Sony of Canada uses a consolidated picking methodology — cluster picking — for processing less than master carton quantities. Initially Vocollect Voice was piloted for cluster picking for parcel shipments because of its process fit and the high number of picks — about 65 percent of their transactions go through the parcel mode. After a short training process (as little as one hour), workers were up and running.
Today, orders are batched, and a bulk pick of product is then brought forward to a staging area where the individual orders are picked, packed and shipped through the use of Vocollect.
Since that time, the company has expanded voice to the cycle counting workflow, which is the process of counting inventory. Sony of Canada performs cycle counting with voice every day. Cycle counts are generated and operations staff are sent instructions via the WMS to the voice system to perform the counts. Location and SKUs are scanned and counted as blind counts. If the count does not agree with the system, the operator is asked to verify. If the second verification doesn’t agree with the system count, an audit count — performed by supervisory or management staff — is automatically generated. Using Vocollect for cycle counting has resulted in increases in accuracy through hands-free counts, and it has eliminated costly and time-consuming periodic audits for Sony of Canada.
Voice picking not only requires fewer steps than using an RF device, but workers are able to perform each of those steps more rapidly and productively than if they had to hold and put down an RF device to perform their work, look at a screen for instructions and use the device to scan or key input information.
“So that’s where you pick up all the productivity gains with voice,” says Glessner. “[It] is not only reducing the number of steps, but being able to do those steps much more productively and efficiently.”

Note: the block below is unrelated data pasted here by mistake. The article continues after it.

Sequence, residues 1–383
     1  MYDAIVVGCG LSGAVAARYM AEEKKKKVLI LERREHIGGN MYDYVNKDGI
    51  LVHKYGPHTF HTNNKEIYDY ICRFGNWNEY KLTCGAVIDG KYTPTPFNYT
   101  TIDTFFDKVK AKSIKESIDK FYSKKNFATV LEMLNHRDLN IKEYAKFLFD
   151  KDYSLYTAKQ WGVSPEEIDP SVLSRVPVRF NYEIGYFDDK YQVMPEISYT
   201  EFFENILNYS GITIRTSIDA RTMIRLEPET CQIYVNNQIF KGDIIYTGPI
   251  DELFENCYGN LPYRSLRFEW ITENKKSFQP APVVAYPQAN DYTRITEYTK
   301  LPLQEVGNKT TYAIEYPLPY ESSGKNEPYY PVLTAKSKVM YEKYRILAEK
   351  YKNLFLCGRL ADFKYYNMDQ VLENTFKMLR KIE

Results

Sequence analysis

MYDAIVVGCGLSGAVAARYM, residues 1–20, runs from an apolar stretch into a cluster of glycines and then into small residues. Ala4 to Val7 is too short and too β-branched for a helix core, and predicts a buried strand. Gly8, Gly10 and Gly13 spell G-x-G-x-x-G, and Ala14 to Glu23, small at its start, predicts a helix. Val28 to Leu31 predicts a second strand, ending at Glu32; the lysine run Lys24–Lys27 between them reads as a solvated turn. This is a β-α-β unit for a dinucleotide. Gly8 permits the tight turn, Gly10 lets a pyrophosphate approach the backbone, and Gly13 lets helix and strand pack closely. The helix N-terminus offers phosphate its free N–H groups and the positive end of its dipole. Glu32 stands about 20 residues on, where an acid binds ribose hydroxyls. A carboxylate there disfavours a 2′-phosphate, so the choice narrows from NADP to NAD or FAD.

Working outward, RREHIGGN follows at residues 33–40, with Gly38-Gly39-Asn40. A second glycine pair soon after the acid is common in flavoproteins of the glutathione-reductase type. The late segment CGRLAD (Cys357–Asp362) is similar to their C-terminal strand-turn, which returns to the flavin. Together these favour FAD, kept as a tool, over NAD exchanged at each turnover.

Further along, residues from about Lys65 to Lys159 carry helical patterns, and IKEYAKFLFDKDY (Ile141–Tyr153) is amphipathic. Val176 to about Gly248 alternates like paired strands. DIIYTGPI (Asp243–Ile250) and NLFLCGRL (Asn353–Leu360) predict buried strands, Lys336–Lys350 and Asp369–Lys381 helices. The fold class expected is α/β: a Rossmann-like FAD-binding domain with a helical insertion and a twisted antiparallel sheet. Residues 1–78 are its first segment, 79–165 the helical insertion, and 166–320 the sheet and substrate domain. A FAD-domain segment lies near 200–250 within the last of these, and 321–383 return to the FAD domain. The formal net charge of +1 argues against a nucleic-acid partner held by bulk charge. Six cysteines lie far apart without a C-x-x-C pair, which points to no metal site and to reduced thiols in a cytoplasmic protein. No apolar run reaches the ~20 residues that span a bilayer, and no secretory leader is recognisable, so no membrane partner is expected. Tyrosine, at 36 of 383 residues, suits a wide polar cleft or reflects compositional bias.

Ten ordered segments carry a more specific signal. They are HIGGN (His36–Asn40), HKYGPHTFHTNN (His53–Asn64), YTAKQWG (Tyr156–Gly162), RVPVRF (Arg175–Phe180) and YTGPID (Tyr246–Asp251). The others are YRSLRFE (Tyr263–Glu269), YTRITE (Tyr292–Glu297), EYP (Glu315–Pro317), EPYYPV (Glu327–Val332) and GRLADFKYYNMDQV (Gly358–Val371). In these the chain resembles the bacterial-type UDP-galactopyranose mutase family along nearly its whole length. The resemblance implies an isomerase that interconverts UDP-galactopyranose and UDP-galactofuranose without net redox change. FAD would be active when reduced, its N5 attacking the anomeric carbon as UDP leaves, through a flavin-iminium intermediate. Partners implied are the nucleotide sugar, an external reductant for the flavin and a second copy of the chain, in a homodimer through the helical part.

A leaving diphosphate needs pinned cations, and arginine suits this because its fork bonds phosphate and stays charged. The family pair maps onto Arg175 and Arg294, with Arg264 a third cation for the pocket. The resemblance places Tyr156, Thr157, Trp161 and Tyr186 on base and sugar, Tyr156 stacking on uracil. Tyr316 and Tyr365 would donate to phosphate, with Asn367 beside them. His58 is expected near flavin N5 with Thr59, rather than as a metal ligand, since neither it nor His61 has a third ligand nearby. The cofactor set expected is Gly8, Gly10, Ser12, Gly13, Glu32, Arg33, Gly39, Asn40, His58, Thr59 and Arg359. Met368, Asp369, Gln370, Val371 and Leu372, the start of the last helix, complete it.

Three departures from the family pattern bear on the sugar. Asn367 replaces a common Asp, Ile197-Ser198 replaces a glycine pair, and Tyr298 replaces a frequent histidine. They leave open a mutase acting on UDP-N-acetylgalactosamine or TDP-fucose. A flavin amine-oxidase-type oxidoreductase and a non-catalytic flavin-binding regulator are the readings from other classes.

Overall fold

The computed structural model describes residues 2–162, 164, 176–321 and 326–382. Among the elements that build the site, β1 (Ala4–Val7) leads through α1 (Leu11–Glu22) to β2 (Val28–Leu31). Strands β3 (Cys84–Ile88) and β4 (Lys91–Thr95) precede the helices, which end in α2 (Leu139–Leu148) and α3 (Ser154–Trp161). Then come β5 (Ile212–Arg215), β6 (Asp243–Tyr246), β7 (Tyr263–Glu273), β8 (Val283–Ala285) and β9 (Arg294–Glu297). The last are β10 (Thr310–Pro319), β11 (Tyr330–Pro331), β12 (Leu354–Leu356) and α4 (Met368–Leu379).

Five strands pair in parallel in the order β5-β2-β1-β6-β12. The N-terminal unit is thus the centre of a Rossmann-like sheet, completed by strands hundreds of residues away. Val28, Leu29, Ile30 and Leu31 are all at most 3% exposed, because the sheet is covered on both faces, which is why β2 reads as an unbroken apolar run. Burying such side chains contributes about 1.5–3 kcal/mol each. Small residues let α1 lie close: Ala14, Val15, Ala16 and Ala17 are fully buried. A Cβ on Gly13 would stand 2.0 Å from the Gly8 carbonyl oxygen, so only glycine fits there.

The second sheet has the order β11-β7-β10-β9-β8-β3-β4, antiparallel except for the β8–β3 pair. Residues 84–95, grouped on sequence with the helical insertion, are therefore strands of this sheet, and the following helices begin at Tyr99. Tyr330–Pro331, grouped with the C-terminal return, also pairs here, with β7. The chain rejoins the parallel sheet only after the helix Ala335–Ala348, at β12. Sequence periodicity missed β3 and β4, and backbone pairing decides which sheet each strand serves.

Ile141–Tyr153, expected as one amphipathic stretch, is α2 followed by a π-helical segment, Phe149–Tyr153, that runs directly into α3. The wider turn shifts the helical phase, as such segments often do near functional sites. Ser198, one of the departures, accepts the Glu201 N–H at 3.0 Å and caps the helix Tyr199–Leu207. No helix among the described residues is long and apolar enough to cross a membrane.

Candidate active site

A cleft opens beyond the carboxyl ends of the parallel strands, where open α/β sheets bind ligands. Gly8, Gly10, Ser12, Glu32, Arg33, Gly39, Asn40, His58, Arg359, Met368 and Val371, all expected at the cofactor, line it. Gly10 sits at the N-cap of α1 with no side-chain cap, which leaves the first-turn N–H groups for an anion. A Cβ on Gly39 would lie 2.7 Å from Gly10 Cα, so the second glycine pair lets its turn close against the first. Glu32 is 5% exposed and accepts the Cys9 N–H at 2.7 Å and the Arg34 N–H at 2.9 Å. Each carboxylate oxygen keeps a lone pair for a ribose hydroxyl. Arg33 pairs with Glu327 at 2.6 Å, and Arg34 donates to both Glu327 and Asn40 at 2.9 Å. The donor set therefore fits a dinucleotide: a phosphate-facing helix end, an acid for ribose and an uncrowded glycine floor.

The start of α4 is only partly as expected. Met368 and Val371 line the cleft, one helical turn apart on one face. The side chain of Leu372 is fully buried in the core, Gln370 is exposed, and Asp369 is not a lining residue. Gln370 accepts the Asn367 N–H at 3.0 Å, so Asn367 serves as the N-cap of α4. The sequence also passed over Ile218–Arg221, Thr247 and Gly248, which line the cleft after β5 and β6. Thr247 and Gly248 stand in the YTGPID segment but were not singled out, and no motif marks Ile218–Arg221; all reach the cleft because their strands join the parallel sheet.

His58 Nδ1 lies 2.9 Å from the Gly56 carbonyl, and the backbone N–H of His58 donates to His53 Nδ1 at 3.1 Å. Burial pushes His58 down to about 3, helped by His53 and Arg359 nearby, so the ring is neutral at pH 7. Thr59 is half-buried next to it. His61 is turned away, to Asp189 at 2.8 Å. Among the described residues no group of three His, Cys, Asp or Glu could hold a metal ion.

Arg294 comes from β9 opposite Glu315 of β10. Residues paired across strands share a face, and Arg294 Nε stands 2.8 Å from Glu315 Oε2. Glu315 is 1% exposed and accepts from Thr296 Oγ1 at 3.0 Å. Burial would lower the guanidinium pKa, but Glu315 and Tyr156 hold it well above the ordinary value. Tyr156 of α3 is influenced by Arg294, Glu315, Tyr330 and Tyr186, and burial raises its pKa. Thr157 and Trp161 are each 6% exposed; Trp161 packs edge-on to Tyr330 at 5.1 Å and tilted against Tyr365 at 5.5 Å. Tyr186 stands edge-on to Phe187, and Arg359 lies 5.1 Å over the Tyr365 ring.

The ability to accurately and quickly fulfill orders, to manage seasonal volume hikes, to help the company sustain a thriving Internet business with large numbers of smaller orders, and to do more with less are all benefits the voice solution has brought.
“With our old paper-based system and its inherent inefficiencies, physical inventory took us four business days. Moving to RF reduced the inventory process to just a day and a half. But with Vocollect Voice, now we spend only half a day completing physical inventories,” says Courtin.
Since implementing Vocollect Voice, Sony of Canada has realized improvements of 30 percent in throughput and 15 percent in accuracy, as well as improvements in safety, with the hands-free/eyes-free feature of the voice system.
Reduced training time is also a big benefit, Courtin says. It only takes an hour or so for technical training on the voice system, and about a week for the full operational training. In the past, it would take employees two to three months to complete RF scanning and operational training.
These improved efficiencies have allowed the company to reduce its temporary headcount by five workers.
“We’ve often had to bring in temporary help to augment the full-time staff, and we’ve basically cut right back,” says Courtin. “The efficiency gain has been such that we didn’t have to hire nearly as many temps as in the past.”
Voice technology has also allowed Sony of Canada to better manage the seasonality of the business, with the peak order time being September through December. The voice system provides workers with the ability to nimbly move from one assignment to the next with no downtime, even during peak periods.
Voices in the plant